Fearless Prospecting in a Changing Economy

By Steve McCann

During the past few years, the sales profession, as well as the economy, has changed dramatically. Cutbacks, downsizing, and a need to do more with fewer resources dominate many companies. For salespeople, this means a tougher time prospecting and a longer timeframe for converting those prospects into paying customers.

As a result, many salespeople are either getting a lot more “no’s” as an answer, or they’re getting no answer at all from prospects. And the more “no’s” a salesperson hears, the more he or she develops a fear of rejection and dreads prospecting in general. That’s when prospecting procrastination sets in, and salespeople spend more time reviewing their notes, answering email, and tweaking sales flyers than spending face time with potential clients.

To counter this problem, many sales books and training programs tout a “secret formula” or “key closing statement” that will make prospecting easier. Salespeople are taught how to lead prospects, how to counter an objection, and how to close the sale. The problem is that all those suggestions are focused on the salesperson and not on the one person who matters the most in the interaction—the prospect. Such salesperson-focused training and approaches may have worked in the 1990s, but they are simply ineffective today.

To be great at prospecting when economic times are tough, you need to go beyond yourself and your fears and focus on the prospect. Only then will your fear of rejection and prospecting procrastination disappear. Use the following suggestions to revitalize your prospecting efforts and put your fear of rejection in its place.

Shift your internal dialogue: The physical act of picking up the phone or walking into a prospect’s office is not difficult for salespeople to do. What stops them in their tracks from performing these seemingly easy tasks is their internal dialogue. You know the messages… “Why should I bother? He’s just going to tell me ‘no’.” “She’s probably satisfied with her current provider, so why waste my time?” “The last ten people told me ‘no,’ so why should this prospecting call be any different?” Such internal messages are called negative projection. Realize that whenever you approach a prospecting call and believe the other person is going to blow you off or tell you “no,” that’s exactly the result you’ll get. Prospects can pick up on what you’re projecting and will respond accordingly.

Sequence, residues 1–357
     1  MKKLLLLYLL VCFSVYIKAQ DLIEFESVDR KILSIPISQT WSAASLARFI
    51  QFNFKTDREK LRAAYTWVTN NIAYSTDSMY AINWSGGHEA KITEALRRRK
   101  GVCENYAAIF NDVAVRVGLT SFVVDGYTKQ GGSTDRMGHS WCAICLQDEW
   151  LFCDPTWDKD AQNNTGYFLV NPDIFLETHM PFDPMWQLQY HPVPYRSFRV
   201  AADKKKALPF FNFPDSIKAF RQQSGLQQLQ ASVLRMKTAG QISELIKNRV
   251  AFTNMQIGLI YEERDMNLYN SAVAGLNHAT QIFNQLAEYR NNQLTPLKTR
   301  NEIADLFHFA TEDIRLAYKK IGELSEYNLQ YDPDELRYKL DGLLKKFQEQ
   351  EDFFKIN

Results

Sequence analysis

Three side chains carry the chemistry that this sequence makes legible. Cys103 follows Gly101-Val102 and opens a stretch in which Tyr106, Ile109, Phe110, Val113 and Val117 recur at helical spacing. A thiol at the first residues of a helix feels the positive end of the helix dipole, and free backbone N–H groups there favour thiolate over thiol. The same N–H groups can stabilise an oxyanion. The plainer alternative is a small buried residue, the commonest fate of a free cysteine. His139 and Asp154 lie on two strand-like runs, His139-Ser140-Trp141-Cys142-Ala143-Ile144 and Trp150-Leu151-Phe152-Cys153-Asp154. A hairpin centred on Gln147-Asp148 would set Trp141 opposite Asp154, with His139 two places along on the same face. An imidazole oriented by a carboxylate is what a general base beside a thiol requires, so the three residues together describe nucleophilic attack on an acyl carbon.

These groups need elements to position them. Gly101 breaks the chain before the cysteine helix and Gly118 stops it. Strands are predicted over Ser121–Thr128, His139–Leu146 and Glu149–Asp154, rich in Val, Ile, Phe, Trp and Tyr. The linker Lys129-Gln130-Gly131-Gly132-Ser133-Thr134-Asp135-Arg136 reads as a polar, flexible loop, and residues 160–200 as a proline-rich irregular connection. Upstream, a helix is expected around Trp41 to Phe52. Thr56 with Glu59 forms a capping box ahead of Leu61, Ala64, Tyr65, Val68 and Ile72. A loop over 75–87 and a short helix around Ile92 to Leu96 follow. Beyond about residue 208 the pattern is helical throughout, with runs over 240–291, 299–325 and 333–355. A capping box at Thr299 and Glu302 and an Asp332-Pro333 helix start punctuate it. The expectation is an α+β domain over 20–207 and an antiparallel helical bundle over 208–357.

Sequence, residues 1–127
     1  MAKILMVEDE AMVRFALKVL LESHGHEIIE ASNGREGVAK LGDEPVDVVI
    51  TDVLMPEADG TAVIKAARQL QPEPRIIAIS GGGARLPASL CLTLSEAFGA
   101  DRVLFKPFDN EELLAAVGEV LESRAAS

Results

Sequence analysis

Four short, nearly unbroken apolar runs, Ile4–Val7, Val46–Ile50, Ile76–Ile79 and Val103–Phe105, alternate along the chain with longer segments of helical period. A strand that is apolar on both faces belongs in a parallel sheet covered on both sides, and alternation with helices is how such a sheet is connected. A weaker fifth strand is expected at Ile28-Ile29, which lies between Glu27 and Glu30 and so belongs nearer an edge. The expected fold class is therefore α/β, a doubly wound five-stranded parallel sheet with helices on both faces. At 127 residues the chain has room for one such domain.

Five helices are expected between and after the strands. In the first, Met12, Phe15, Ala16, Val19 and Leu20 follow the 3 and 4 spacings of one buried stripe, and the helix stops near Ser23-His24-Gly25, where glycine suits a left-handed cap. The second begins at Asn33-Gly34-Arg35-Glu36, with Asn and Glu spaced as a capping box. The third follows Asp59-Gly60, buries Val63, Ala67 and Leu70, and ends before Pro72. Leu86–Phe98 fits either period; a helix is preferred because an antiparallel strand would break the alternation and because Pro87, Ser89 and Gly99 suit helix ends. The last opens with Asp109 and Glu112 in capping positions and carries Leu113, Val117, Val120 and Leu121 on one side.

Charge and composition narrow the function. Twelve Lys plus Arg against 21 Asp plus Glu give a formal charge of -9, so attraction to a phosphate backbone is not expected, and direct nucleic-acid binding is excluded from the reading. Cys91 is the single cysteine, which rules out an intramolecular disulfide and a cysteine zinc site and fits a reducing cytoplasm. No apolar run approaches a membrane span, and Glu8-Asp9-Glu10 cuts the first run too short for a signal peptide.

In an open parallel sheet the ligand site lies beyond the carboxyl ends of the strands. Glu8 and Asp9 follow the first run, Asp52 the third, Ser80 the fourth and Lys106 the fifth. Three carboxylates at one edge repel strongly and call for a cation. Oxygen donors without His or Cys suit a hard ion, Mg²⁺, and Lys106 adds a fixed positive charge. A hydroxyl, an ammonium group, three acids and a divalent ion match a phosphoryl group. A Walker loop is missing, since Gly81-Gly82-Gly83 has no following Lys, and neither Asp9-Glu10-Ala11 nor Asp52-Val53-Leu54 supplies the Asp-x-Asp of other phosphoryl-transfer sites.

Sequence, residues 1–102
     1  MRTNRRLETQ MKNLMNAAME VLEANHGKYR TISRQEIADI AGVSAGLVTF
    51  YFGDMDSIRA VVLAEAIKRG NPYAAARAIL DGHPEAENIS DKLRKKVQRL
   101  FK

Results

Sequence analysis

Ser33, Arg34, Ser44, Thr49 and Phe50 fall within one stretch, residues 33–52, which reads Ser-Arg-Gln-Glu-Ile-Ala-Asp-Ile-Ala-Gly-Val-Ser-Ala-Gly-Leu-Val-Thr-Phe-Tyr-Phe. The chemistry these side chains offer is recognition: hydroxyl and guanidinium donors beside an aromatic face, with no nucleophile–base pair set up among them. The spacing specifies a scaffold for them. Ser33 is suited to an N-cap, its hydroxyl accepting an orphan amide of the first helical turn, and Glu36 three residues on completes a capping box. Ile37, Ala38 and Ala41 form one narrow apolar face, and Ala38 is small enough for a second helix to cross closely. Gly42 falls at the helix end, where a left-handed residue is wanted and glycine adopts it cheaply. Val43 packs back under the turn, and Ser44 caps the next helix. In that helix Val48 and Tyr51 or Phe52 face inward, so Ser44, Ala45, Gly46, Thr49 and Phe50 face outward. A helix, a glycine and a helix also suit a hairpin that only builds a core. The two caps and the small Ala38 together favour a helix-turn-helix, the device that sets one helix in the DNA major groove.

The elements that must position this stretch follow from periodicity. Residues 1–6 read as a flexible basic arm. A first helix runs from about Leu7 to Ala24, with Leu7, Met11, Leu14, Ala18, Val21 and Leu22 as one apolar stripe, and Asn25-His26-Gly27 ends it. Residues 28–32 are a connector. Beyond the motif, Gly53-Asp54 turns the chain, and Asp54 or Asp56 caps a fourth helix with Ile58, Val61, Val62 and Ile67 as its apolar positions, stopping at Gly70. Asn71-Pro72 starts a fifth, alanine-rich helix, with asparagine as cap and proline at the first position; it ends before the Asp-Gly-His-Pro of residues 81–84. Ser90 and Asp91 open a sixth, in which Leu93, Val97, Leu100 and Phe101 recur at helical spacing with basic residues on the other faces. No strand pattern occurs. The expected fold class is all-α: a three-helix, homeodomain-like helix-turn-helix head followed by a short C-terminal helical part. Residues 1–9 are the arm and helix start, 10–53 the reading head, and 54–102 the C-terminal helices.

So what’s the solution? Positive expectations. When you have a genuine positive thought about someone and believe your interaction will work out well, then you can’t fail. Even if the prospect doesn’t want to take your help, that’s okay; his or her reply has nothing to do with you. As long as you believe that the call will go well and you think well of the other person, you’ll no longer fear the actual act of prospecting—and that’s the main objective. To put it another way, when you think ill of another you are in the experience of thinking ill. So if you think you’re going to be rejected, you’re already in the experience of being rejected, which is what you’ll ultimately end up with. But if you expect a positive outcome, you’re creating the experience of success. So shift your internal dialogue to create the kind of experiences you want to have.

Make your everyday selling activities about your prospects: In sales, you get paid in proportion to the amount of people you serve and to the degree in which you serve them. Therefore, the more you focus on your prospects and make the interaction about them, the higher your chances for success. Unfortunately, many salespeople get confused with exactly how to focus on their prospect. As such, they’ll open conversations by saying something like, “Hey, how’s it going…I’d like to tell you about a new product we’re offering that will help you make more money in your business.” While on the surface such an approach seems like it’s focused on the prospect, in reality prospects know it for exactly what it is—a sales pitch, which is precisely what they don’t want.